New volume chronicles recent insights into Earth's interior

Oct 03, 2007

A new volume published by the Geological Society of America focuses on techniques that have opened new windows of observation into Earth processes. Advances in High-Pressure Mineralogy highlights recent technical developments in high-pressure mineral physics as well as new results that have changed our understanding of Earth's deep interior.

Editor of the book is Eiji Ohtani, Institute of Mineralogy, Petrology, and Economic Geology, Faculty of Science, Tohoku University, Sendai, Japan.

Part 1 investigates phase transitions in silicates in Earth and planetary materials at high pressure. Studies address Earth's surface, including silicates found in meteorites, as well as those found in the upper mantle, transition zone, and lower mantle. These transformations provide a basis for understanding many of Earth's dynamic processes.

Part 2 focuses on the role of volatiles in the mantle. Agents of chemical differentiation, volatiles play an important role in the generation of magma. Also included are studies of diamond genesis, phase relations in ice, and the controversial subject of water circulation in deep Earth.

Part 3 examines recent advances in experimental and theoretical techniques. Nuclear resonant spectroscopy, single-crystal X-ray diffraction studies, multi-anvil technology, and X-ray imaging are among the techniques described.

Source: Geological Society of America

Explore further: Tropical depression 21W forms, Philippines under warnings

add to favorites email to friend print save as pdf

Related Stories

US northeast braces for flooding after record snow

3 hours ago

Weather forecasters and emergency officials warned Sunday that melting snow would lead to heavy flooding in parts of the US northeast, with hundreds of thousands of people told to brace for fast-rising waters.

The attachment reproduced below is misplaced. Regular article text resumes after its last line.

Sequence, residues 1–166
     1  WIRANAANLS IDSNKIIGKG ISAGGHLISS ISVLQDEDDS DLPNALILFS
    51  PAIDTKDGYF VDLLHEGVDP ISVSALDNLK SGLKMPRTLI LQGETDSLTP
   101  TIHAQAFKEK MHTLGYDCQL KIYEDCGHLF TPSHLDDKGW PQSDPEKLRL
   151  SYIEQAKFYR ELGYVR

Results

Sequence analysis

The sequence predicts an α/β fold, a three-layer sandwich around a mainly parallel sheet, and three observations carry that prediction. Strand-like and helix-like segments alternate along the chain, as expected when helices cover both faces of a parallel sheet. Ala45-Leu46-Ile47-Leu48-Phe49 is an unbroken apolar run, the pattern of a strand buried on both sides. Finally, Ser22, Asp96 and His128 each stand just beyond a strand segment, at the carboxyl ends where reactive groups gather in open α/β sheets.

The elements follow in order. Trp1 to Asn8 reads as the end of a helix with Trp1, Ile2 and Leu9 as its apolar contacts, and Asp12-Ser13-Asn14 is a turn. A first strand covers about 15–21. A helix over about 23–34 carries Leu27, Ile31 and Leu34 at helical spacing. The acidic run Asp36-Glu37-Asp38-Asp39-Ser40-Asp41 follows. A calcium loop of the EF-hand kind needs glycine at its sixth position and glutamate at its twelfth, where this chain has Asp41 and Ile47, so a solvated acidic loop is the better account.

How the hummingbird achieves its aerobatic feats

10 hours ago

(Phys.org) —The sight of a tiny hummingbird hovering in front of a flower and then darting to another with lightning speed amazes and delights. But it also leaves watchers with a persistent question: How ...

'Mind the gap' between atomically thin materials

11 hours ago

In subway stations around London, the warning to "Mind the Gap" helps commuters keep from stepping into empty space as they leave the train. When it comes to engineering single-layer atomic structures, minding ...

Recommended for you

Better forecasts for sea ice under climate change

Nov 25, 2014

University of Adelaide-led research will help pinpoint the impact of waves on sea ice, which is vulnerable to climate change, particularly in the Arctic where it is rapidly retreating.

User comments : 0

Please sign in to add a comment. Registration is free, and takes less than a minute. Read more

Click here to reset your password.
Sign in to get notified via email when new comments are made.